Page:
PEDEE -- Pedee Charter School is branching out.
Next year it will offer grades 4 to 7. The year after that, 4 to 8.
Currently, the country school offers grades 4 to 6.
The decision to expand came as school officials realized they were offering the same grade levels as nearby schools.
"We need to find our niche," executive director John Finkbeiner said.
"Kings Valley Charter School is only four or five miles down the road, and they already teach K-4 or 5. Bridgeport is on the other side to the north, and they already teach K-4."
That meant all three schools were competing for the same students.
"There aren't that many families out here," Finkbeiner said.
Pedee's new plan is to focus on the middle school grades, with the two other schools serving as feeder schools.
The school is looking for a teacher to handle the middle school students and be in charge of curriculum development.
Board President Fred Weisensee said he hopes to hire someone by fall.
The charter school isn't concerned yet about the cost of expanding.
"It will cost more money," Weisensee said.
"But for next year, we still have fairly substantial federal grants. After that it will depend on enrollment, and the other grants we get."
After its first year in operation, Pedee is seeing a drop in enrollment. This year, with 50 students, it was close to its building's capacity of 55. Enrollment numbers for next year aren't complete, but at this point about 35 are enrolled.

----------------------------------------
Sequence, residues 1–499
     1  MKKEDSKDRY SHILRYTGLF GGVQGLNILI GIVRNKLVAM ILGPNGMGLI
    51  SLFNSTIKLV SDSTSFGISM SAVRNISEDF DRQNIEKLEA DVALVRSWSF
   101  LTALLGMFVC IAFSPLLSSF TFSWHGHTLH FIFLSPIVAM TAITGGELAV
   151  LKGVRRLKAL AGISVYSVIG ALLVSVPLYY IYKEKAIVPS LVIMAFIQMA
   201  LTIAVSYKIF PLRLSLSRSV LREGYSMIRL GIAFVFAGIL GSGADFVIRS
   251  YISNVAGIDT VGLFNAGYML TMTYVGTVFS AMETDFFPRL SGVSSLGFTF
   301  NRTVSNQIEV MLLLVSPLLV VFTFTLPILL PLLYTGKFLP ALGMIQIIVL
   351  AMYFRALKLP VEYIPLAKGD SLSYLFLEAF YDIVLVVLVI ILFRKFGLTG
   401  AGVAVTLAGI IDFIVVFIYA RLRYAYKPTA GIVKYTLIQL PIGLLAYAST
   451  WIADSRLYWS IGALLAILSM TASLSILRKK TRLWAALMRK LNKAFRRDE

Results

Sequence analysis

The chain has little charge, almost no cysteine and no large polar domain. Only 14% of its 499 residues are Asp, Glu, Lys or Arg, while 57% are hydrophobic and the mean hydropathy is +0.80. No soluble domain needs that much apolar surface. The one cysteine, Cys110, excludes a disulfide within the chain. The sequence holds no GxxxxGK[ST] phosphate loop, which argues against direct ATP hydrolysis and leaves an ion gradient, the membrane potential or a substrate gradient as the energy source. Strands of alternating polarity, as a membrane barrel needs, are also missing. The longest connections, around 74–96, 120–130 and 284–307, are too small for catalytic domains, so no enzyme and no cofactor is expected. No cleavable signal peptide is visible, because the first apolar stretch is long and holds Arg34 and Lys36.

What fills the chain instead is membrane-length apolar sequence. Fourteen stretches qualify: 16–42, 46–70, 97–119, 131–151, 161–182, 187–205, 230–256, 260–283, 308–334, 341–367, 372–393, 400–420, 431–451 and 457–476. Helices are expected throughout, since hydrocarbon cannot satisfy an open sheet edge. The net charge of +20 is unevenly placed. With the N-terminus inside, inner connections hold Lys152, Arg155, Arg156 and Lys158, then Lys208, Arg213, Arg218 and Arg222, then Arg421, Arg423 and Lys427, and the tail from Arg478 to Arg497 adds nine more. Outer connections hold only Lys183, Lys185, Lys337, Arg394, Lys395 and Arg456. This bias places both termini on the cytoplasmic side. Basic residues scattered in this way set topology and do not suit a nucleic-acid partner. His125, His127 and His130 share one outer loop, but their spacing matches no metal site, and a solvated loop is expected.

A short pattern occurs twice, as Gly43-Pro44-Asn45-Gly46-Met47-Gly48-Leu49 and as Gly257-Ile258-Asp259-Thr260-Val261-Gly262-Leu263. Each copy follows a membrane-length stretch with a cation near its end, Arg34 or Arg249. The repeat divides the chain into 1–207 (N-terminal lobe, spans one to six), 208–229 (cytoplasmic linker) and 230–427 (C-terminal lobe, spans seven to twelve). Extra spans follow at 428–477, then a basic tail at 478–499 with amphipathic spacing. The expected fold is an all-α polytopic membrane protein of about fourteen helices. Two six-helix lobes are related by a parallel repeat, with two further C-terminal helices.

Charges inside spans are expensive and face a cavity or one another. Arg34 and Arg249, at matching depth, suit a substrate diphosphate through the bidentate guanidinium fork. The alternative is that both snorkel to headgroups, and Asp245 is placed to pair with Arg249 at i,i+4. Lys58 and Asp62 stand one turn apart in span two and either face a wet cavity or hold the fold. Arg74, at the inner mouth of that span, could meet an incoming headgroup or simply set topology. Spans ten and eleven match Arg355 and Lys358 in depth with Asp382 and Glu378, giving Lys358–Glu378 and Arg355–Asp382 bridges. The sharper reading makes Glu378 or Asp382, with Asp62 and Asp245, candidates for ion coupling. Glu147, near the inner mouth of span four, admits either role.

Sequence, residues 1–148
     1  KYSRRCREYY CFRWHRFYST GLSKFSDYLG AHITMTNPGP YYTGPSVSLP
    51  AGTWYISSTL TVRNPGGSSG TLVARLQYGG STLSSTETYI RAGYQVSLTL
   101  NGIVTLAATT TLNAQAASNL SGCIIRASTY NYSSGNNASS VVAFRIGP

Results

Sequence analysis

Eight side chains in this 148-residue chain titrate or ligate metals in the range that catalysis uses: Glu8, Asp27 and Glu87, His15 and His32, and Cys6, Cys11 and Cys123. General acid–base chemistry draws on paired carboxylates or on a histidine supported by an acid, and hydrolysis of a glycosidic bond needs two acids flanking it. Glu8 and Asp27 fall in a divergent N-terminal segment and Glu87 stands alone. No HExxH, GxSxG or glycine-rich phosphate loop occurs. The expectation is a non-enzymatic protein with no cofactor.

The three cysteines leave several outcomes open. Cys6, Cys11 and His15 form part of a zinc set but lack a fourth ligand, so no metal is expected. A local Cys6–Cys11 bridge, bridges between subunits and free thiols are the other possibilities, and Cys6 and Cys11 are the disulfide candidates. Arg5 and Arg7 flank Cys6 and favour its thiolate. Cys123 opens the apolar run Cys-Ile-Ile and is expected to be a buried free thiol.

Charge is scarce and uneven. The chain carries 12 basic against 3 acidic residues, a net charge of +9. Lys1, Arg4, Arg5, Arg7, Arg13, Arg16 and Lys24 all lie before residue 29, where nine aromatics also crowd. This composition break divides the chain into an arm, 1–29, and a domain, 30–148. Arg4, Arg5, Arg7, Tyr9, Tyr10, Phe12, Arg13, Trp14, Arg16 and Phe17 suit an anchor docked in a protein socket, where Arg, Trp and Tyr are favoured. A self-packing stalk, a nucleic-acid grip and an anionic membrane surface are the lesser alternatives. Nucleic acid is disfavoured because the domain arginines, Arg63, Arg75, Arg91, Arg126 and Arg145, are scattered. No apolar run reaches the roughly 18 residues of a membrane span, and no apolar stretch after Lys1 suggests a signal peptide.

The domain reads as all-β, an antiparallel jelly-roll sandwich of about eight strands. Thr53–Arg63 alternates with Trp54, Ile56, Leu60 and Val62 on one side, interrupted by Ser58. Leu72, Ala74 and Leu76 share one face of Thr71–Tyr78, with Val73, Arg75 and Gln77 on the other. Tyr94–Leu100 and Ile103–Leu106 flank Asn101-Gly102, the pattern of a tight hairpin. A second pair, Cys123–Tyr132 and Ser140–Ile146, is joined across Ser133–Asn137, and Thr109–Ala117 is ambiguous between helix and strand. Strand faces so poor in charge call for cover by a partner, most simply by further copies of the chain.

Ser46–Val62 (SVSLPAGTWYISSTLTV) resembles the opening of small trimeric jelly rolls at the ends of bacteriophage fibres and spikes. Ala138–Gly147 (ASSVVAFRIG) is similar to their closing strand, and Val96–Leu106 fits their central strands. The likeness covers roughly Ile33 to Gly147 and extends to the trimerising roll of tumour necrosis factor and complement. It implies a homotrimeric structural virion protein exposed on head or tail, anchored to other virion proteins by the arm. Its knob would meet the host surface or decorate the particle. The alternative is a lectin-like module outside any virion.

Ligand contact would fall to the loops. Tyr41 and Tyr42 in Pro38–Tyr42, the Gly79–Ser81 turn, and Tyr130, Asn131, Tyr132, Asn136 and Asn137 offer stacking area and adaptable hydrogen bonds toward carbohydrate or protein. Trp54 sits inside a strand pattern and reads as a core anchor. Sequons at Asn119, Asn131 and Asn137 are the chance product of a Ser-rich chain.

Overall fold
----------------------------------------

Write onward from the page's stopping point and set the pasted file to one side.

Finkbeiner sees several reasons for the decrease.
Some families are moving away. Others will attend LaCreole Middle School next year.
"This is the first year we've had sixth grade in a long time, so our current sixth-graders had the mindset that they'd be moving on to LaCreole," Finkbeiner said.
Despite the decision, late in the school year, to offer seventh grade next year, a "fairly good size number" of sixth graders plan to switch to the larger middle school, Finkbeiner said.
School officials hope to capitalize on Pedee's strengths to attract new students -- small class sizes, individual attention and a focus on natural resources and rural issues.
"We certainly dream that there may be children that would go to LaCreole, that may live in town, but because of the size of LaCreole, the parent may recognize the fact that their child might excel in a more quiet, rural setting," Finkbeiner said.
"Some students can slip through the cracks at big schools," he said. "You really can't escape where we are."